From poolside grill outs, weekends at the family lake house, or day trips to the beach, summer tends to naturally be filled with all kinds of waterside adventures. If you plan on bringing your dog with you anywhere that a body of water will be present, we’ve put together this starting guide to dog water safety just for you.
- Do not leave your dog unsupervised around pools
- Consider fencing your pool for additional peace of mind
- Make sure the pool cover is off when they are around. Pool covers can be deceiving to dogs and they may think it’s a hard surface, try to walk on it, and get trapped in the cover sinking underwater
- Teach your dog to swim before allowing them free access to any pool. If you aren’t sure where to start, some dog trainers who work one on one offer training services by or even in the pool. We are one of them!
- Train and use relative obedience that will assist in pool safety such as wait and come and a release word such as “free”. Pictured below is an example of one of our trainers working on “come” out of the shallow end of a pool.
- Utilize pool safety products such as pool alarms, life vests, and pet pool ladders
- Make sure your dog has plenty of fresh water outside so they don’t try to drink from the chlorinated pool water
- Keep pool chemicals and cleaners stored away and out of reach and sight
Beach and Lake Safety
- Be sure your dog is supervised at all times. We recommend having them on leash in any public environment unless they have an extremely reliable recall command, it is off leash friendly, and your dog is familiar with water for additional safety.
- If you are going to have them in the water, we recommend keeping them in a shallow area where you can constantly observe and step in if needed. If you are not physically capable of assisting your dog if anything were to occur, we recommend having them enjoy the water from a distance, or walk them in the shallow areas on leash.
- Always check the water conditions and temperature the day of. Fast moving currents and undertows can be extremely dangerous and unpredictable. Checking the temperature of the water is important too, as low water temperatures can lead to hypothermia and other concerns. A great rule of thumb is if it’s too cold or risky for you, it is for them too!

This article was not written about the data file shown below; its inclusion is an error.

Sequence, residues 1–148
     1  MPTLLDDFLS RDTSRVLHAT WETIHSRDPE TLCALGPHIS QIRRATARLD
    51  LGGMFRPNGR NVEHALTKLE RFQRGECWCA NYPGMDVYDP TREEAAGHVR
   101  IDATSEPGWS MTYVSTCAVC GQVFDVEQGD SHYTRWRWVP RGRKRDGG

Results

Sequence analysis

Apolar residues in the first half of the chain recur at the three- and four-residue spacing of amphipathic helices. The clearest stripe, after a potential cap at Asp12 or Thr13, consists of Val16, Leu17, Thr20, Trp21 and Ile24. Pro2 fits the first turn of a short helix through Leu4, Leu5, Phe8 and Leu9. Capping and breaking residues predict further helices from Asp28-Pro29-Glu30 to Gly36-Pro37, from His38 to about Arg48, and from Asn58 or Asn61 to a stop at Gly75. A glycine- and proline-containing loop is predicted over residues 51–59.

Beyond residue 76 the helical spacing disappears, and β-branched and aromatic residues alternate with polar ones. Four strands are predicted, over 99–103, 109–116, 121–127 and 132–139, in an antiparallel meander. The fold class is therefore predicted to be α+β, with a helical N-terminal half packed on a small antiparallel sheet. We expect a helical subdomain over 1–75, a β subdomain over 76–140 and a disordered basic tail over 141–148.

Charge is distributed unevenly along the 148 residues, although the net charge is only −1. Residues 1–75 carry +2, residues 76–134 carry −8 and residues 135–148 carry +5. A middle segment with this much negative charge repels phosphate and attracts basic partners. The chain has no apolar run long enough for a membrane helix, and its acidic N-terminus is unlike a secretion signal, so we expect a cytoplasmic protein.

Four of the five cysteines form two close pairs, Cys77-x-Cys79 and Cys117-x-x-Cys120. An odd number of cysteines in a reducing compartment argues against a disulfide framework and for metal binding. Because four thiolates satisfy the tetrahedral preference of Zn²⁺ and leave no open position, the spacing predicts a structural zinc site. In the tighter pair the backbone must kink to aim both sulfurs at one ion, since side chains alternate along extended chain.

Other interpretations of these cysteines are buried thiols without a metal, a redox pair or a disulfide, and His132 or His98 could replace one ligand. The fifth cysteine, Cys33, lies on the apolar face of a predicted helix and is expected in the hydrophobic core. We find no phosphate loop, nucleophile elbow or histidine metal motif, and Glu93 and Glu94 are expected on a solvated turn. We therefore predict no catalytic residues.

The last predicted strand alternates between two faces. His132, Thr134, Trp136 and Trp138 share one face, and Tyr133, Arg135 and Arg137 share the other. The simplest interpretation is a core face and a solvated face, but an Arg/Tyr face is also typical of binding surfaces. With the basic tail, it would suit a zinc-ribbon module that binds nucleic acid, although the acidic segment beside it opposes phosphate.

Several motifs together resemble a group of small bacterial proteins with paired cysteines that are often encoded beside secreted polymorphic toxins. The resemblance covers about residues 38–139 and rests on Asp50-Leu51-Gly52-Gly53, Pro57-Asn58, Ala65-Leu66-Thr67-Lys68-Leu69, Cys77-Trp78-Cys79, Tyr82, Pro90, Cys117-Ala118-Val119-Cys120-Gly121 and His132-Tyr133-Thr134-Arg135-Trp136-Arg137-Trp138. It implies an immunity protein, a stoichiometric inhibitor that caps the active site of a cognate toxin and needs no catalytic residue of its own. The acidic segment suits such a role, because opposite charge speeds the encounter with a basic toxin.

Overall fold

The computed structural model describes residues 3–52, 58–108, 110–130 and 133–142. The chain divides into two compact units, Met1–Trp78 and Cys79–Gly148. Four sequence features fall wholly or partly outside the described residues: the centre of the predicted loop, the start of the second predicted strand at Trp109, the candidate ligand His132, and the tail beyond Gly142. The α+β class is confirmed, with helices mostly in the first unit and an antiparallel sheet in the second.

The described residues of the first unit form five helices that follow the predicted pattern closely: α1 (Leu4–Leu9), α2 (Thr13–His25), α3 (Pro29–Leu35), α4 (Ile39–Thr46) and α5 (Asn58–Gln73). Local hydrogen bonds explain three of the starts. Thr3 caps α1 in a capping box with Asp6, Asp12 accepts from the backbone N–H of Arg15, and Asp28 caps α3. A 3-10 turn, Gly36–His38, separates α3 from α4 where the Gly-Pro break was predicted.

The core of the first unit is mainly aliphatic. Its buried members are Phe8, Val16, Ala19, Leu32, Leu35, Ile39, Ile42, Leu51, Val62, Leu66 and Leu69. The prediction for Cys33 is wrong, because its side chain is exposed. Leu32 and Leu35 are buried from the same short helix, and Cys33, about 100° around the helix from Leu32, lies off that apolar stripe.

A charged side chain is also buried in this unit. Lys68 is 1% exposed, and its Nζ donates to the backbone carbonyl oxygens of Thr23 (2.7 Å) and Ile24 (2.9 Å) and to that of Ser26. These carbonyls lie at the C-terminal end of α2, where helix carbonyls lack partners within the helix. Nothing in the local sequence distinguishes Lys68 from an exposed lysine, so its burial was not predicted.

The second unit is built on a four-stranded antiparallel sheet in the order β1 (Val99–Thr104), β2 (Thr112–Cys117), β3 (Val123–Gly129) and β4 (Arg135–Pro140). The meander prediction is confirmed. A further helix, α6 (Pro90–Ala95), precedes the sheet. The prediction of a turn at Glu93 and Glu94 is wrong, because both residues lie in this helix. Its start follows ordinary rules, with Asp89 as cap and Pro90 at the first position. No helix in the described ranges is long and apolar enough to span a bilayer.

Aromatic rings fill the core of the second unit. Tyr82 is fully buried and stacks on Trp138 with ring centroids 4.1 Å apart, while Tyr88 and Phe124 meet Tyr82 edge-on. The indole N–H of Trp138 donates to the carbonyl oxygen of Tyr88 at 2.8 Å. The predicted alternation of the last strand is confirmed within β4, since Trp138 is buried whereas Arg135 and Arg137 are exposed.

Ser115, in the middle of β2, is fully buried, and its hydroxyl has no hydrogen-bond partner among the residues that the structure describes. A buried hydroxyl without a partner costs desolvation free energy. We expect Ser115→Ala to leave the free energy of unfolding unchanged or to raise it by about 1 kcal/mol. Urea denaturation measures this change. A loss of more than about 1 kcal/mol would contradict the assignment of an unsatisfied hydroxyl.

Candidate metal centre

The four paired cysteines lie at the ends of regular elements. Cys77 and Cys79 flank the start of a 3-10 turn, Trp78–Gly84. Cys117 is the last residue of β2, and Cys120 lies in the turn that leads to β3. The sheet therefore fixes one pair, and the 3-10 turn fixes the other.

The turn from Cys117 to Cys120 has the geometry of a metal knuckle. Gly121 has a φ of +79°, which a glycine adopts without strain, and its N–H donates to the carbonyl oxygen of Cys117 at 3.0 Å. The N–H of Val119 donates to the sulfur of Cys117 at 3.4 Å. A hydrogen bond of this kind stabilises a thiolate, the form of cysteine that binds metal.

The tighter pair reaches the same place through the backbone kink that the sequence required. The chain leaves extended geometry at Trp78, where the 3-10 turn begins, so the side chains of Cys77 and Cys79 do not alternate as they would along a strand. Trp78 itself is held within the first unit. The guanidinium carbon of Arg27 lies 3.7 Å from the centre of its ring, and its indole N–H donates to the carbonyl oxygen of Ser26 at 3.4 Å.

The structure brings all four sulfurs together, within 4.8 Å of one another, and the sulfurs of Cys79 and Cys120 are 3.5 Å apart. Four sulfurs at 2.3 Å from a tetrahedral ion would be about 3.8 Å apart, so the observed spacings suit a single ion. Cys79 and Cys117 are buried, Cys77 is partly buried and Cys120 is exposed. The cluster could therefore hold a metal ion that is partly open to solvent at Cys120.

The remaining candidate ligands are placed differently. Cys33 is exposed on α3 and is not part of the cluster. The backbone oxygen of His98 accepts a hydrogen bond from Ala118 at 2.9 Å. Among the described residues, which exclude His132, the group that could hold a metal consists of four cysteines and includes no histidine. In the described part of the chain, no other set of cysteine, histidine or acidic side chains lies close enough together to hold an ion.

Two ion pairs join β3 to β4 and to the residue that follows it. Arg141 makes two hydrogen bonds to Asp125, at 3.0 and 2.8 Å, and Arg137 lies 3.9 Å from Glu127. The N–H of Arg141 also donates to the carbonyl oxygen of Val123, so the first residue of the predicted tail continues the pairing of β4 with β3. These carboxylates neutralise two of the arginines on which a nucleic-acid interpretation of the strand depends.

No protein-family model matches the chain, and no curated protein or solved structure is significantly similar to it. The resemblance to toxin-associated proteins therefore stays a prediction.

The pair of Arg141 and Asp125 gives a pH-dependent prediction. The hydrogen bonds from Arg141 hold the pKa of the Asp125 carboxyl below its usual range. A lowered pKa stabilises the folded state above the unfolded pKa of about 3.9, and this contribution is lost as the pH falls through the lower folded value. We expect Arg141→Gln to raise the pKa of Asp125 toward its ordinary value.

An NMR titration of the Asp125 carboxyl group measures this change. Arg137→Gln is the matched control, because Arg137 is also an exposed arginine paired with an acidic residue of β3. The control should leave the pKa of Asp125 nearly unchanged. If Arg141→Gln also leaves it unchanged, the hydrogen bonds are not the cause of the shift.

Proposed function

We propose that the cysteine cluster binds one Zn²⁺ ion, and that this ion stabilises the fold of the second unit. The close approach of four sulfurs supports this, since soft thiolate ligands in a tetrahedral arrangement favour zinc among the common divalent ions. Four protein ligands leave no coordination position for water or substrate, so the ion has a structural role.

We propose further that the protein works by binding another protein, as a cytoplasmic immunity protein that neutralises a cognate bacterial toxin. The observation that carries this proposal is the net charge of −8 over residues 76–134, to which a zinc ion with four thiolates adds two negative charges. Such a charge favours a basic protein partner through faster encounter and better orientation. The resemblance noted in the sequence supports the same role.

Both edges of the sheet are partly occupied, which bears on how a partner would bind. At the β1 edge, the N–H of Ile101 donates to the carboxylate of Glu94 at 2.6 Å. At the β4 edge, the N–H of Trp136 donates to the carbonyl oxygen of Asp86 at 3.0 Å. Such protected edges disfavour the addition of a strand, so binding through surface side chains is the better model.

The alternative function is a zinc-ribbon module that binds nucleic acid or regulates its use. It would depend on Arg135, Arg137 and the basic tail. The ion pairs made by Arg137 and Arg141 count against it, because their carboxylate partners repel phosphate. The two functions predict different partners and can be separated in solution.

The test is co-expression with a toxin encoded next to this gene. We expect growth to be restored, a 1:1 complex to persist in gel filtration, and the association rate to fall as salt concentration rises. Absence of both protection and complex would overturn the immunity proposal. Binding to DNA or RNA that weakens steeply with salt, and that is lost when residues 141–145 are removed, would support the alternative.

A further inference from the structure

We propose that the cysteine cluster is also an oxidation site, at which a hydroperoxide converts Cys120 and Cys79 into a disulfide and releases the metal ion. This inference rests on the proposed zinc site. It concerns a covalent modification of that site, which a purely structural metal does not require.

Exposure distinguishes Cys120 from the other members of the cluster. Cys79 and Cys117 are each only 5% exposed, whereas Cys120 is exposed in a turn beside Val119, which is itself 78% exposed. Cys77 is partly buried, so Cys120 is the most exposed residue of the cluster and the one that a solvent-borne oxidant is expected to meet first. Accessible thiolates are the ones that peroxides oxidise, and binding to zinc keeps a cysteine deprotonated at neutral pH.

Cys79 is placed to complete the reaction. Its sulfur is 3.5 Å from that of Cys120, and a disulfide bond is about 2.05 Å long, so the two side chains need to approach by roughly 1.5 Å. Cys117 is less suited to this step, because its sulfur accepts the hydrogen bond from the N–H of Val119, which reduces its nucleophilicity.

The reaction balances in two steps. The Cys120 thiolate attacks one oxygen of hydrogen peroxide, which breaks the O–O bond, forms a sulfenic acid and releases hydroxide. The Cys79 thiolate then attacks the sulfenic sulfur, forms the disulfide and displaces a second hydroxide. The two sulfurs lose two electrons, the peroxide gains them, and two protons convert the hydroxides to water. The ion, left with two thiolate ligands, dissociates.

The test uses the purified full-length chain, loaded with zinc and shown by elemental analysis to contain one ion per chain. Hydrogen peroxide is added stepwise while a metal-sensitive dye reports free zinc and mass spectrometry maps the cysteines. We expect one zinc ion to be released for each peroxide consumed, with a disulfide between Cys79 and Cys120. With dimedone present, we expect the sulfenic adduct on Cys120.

- Consider investing in a life jacket for your dog
Additional Health and Safety Tips Around Water
- After you are done with your adventures, whether pool, lake, or beach, rinse your dog off with a hose or outdoor shower to remove any potential chlorine, bacteria or unwanted “friends” from joining you in the car ride back. This will help avoid skin irritation. The moisture collected in your dog’s ears can cause ear infections, so be sure to clean out and dry their ears thoroughly as well.
- Consider jumping on an opportunity to learn Pet CPR in the event of an emergency. American Red Cross CPR Certification
- Although many breeds of dogs are bred specifically to love the water such as the labrador retriever or the otterhound, there are other breeds which you will want to be more cautious with. Brachycephalic breeds, or breeds of dog with flat faces like bulldogs, shih-tzu’s, pugs, or any short snouted dog for that matter, are some that you may want to reconsider their time spent in the water. These breeds don’t tolerate the heat well, and they tend to have larger chests with flat faces, which leads them to become tired more quickly. For swimming, that poses an increased safety risk of sinking underwater.
After reading this starting dog water safety guide, we know you can confidently and safely enjoy your next water adventure this summer. Happy swimming!